PTTs (Argos Platform Transmitter Terminals)

Argos is a network of satellites devoted to environmental studies and at any one time, over 20,000 devices are actively sending data through the network.

The smallest tags are ‘Doppler PTTs’ – if a satellite comes into view whilst these tags are transmitting, the satellite will ‘hear’ the signal at a slightly different pitch as it passes towards and away from the tag (the ‘Doppler effect’), much as the sound of a fast train passing you on a platform changes as it moves towards and then away from you.

These signals are analysed by the Argos ground stations and they then calculate a position for the tag which, depending on how directly the satellite passes overhead, may be accurate to up about 600 m, although often much less. The advantages of this method are the low transmitter power consumption and instant location opportunities during satellite passes.

... the old adage of ‘fit a tag to a bird and you will find out something new’ is true – after 30 years, extraordinary discoveries are still being made.  


When tracking animals, users ideally want highly accurate positions. GPS is the best known solution to this issue and was developed in the USA, but other systems developed by Russia (GLONASS), China (BeiDou) and Europe (Galileo) are broadly similar.

This method gives high precision fixes which are accurate down to a few metres or less. GPS is the most widely used and can be found in devices weighing about 1 g upwards. The smallest devices only store the data and do not transmit them (so-called archival tags) so the bird needs to be re-caught to download the data.

The mass production and miniaturisation of GPS technology has brought the cost down allowing large samples of birds to be tracked. One notable new development is Fastloc®, developed by Wildtrack Telemetry Systems Ltd.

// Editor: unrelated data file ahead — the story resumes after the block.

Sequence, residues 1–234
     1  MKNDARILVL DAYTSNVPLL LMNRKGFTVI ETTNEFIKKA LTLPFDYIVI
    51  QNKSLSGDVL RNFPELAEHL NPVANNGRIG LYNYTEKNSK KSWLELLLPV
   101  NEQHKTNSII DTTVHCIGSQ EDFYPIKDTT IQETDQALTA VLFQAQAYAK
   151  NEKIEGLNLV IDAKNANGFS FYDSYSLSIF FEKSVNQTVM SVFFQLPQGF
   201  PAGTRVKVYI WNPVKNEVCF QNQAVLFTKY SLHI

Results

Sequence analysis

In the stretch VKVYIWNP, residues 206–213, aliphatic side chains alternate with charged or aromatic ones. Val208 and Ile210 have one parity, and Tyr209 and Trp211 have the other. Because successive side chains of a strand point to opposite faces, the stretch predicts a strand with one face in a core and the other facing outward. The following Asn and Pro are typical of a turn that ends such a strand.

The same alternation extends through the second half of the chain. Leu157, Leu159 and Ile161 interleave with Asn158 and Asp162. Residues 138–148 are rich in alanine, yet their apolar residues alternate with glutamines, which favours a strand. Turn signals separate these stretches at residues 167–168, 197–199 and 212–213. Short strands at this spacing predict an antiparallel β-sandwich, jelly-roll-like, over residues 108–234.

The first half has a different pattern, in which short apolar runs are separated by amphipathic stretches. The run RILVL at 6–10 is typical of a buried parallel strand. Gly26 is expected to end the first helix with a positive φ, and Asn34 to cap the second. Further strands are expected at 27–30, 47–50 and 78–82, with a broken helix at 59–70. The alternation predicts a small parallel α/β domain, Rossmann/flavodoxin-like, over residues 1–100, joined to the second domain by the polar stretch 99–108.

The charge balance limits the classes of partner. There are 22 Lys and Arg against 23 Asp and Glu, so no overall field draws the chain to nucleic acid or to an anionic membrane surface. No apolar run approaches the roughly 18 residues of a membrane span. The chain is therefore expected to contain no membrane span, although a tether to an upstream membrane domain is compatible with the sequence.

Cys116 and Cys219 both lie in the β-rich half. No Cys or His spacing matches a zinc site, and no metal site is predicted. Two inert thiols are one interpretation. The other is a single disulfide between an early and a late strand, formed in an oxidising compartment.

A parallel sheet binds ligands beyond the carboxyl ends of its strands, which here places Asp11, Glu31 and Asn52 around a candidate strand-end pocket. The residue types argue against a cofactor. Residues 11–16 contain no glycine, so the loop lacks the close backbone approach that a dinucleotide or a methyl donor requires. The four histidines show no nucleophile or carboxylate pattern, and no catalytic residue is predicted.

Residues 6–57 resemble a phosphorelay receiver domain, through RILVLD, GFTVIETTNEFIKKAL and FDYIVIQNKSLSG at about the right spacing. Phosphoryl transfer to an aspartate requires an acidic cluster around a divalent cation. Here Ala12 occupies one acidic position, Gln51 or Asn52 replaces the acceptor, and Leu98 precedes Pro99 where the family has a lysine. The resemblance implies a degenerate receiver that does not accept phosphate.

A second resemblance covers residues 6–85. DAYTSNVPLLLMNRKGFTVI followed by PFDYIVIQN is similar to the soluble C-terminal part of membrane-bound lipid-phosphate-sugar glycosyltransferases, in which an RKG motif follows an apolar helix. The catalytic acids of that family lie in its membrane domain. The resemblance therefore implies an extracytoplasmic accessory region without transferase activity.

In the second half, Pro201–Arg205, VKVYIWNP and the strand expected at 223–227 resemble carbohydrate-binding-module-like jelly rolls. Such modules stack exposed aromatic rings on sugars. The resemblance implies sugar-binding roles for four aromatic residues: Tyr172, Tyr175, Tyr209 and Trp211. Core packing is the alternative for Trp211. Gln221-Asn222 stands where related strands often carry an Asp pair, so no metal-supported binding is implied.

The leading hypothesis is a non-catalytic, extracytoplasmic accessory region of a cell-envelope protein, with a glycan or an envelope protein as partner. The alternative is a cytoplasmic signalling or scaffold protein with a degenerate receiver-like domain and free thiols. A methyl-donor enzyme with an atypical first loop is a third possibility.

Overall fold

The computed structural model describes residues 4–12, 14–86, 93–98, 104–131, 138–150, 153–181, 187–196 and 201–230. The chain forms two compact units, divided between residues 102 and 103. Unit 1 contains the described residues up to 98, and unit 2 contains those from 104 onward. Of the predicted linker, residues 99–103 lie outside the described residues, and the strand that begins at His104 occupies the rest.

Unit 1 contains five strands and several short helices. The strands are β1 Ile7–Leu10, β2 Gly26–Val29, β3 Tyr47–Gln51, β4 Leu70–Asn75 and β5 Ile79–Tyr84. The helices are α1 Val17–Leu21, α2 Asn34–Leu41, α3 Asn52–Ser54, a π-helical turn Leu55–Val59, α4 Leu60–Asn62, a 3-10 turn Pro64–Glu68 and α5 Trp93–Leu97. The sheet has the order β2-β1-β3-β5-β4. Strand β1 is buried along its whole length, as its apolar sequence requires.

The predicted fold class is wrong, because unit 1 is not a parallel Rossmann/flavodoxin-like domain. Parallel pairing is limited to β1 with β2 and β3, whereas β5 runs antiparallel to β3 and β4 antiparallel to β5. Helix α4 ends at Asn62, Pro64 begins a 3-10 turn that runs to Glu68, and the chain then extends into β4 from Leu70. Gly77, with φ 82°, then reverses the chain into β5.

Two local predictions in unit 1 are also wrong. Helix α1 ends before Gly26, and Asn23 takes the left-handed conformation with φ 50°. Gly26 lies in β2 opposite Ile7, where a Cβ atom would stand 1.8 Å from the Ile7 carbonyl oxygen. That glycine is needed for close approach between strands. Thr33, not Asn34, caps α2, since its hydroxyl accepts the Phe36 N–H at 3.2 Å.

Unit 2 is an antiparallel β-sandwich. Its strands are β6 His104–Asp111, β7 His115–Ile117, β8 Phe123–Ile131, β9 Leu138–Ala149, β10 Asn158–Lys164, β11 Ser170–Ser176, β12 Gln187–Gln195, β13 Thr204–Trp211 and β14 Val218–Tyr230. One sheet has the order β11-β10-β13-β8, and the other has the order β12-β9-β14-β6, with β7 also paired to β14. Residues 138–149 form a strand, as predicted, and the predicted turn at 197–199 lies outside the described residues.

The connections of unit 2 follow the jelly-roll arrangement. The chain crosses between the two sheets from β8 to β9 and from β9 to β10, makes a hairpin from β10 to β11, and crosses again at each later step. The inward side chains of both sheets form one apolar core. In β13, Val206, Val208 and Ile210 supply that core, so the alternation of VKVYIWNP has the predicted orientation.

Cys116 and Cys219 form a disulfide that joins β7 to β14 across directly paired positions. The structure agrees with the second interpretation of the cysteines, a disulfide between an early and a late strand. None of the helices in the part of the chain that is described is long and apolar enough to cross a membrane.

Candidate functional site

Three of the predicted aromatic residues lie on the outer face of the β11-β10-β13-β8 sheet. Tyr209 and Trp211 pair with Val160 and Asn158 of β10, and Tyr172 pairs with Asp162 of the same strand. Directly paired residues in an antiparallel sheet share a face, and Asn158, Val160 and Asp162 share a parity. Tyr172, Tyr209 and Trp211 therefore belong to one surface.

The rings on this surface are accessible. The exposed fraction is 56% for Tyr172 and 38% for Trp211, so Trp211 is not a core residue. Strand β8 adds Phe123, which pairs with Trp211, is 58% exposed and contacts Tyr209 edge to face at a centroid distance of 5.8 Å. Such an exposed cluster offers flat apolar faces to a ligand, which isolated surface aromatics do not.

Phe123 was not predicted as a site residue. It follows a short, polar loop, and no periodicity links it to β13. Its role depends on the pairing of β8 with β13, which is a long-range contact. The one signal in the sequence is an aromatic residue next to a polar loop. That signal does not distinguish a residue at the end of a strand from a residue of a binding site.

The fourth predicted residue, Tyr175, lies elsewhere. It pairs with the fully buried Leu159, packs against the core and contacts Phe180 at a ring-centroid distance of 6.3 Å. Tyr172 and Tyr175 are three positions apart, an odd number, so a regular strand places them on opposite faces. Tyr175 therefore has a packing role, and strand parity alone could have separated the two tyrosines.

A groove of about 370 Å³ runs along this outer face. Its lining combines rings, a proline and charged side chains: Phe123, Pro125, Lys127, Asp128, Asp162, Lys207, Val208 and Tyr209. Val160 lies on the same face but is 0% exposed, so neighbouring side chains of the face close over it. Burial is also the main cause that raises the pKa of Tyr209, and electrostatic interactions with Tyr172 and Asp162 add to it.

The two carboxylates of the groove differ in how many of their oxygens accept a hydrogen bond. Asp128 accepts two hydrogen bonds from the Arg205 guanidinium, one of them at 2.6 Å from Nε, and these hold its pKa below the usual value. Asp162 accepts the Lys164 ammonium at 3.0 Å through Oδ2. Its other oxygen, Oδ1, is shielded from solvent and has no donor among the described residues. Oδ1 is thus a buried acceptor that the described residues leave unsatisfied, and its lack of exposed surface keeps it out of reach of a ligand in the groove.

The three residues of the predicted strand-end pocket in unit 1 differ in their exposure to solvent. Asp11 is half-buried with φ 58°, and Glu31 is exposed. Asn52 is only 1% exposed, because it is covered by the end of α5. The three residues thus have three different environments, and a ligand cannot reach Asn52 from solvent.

This very low-power system gives near GPS accuracy (20–75 m) by taking a quick snapshot of the radio signals produced by overhead GPS satellites. Processing and storing these signals takes just 12 seconds and, where extreme accuracy is not necessary, this is a good alternative to standard GPS.

Tracking graphic by Nigel Hawtin
Different tracking devices are suited to different species and their migratory routes. Infographic by Nigel Hawtin

Accessing the data

Downloading data remotely is a huge advantage and makes tracking studies much easier, but comes with extra weight and power requirements for the tag. Devices now use various technologies, including the mobile phone network, satellites (e.g. ARGOS or telecommunications satellites such as Iridium or Inmarsat), or VHF radio to download to a base station that collects the data as a bird passes it.

Each system has its pros and cons in terms of weight, power requirements and cost. Ironically, one of the most power-hungry systems is not one that transmits to satellites orbiting the earth hundreds of kilometres away, but the system that uses the terrestrial mobile phone network.

With peak currents of around one Amp (other transmission methods may be less than a tenth of that), it needs a high energy density battery, such as a Lithium battery. It is not yet possible for the really small devices (less than 12 g) to use this technology because of the battery issue, but mobile phone transmission is far cheaper per Mb of data compared to other systems so is the system of choice for many studies.

UK and European Cuckoo routes
PTT satellite tags show UK and European Cuckoo migration routes 

Bringing the tracks to life